Women's Pelvic Health and Reconstructive Surgery

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Persistent UTI

Urinary tract infections (UTI) are typically not serious and easily treated. UTIs that return frequently or that do not go away with treatment, however, may indicate other health issues. Physicians at UMMC work with patients to diagnose and treat UTIs, including recurrent or persistent UTI and related issues such as painful bladder syndrome.

The physicians and staff at University Women's Care are a team of caring professionals. Our providers have the expertise to treat even the most complex urogynecologic problems. We provide practiced, thoughtful care and work with patients to find the most appropriate diagnosis and treatment to meet each woman's unique personal needs.

Symptoms of UTI

Urinary tract infections occur when bacteria (usually from the intestines) get into the bladder and multiply, leading to inflammation.

UTI symptoms include:

  • Frequent urination or feeling the need to urinate
  • Urgent need to urinate
  • Pain with urination
  • Bladder discomfort
  • Cloudy urine
  • Difficulty emptying the bladder (voiding)
  • Increased incontinence
  • Rarely, blood in the urine
Fever, chills, and pain in the sides of the lower back (flank pain) indicate a more severe infection and should be immediately evaluated by a doctor.

About Recurring or Persistent UTI

If a woman has three or more UTIs in a year or two or more UTIs in six months and if the UTI is treated with antibiotics but then return, she is considered to have recurring or persistent UTI. 

Diagnosing UTI

In most cases, diagnosis and treatment of UTI can be made based on symptoms and treated with antibiotics. Recurring UTI (chronic cystitis) can be diagnosed using a urine sample to determine the most effective antibiotic treatment. An imaging test may also be ordered to check for another source of infection.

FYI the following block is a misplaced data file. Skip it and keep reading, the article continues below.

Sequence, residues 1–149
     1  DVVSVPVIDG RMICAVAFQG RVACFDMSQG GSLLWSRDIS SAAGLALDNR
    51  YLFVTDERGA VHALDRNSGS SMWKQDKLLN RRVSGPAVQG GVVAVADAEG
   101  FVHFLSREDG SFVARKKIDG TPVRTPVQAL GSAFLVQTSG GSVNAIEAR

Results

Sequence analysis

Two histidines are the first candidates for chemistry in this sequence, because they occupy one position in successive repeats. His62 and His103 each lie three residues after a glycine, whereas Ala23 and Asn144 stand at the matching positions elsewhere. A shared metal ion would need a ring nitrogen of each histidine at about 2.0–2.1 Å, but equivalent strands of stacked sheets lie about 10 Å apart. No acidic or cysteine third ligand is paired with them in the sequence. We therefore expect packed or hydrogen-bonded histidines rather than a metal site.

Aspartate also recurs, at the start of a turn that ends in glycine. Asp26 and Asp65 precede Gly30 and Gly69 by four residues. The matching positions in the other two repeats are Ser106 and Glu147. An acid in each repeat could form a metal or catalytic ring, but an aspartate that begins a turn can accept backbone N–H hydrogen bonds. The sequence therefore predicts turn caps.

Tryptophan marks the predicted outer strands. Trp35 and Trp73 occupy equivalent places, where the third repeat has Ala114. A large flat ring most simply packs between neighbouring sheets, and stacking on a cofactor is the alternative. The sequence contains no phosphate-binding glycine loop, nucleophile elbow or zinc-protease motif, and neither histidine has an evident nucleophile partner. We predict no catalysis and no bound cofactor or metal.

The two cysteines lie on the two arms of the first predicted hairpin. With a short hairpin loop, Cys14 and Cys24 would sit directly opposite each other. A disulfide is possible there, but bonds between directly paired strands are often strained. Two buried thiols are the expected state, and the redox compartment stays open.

Tests used to diagnose UTI and chronic cystitis:

  • Urine sample and culture
  • Ultrasound of the bladder and kidneys
  • Cystoscopy of the bladder

Treating UTI

Usually, antibiotics will treat and end the uncomfortable symptoms of a urinary tract infection. If symptoms do not go away with antibiotics, then further steps will need to be taken to treat and prevent further infection and to help the bladder heal.

Additional treatment and preventative measures for UTI include:

  • Vaginal Estrogen
    Local estrogen therapy can help prevent UTI by increasing the blood supply and thickness of skin in the vagina and urethra. This treatment reverses the effects of menopause on vaginal tissues and helps the body maintain a stronger barrier between bacteria and the urinary tract.
  • Cranberry Therapy
    Some studies suggest that natural chemicals found in cranberries may help prevent bacteria from forming an infection. Cranberry can be found in many forms, including tablets that can be taken orally.
  • Preventative Antibiotic Regimen
    Two types of antibiotic regimens can be used to treat recurring UTI: 
    • Post-coital Antibiotic Regimen
      Used with infections that seem to be triggered by intercourse, a low-dose antibiotic is taken at the time of intercourse to prevent infection.
    • Daily Antibiotic Regimen
      Low-dose antibiotics may be prescribed for 6–12 months to help keep urine clear of infection. This treatment allows the bladder time to heal, so it is better able to prevent infection on its own in the future.

Request an Appointment

Our providers have the expertise to treat even the most complex urogynecologic problems with practiced, thoughtful care for the needs of our patients. The pelvic health program at UMMC sees patients by physician-referral and self-referral.

Healthcare Professionals

To refer a patient to the University Women's Care pelvic health program: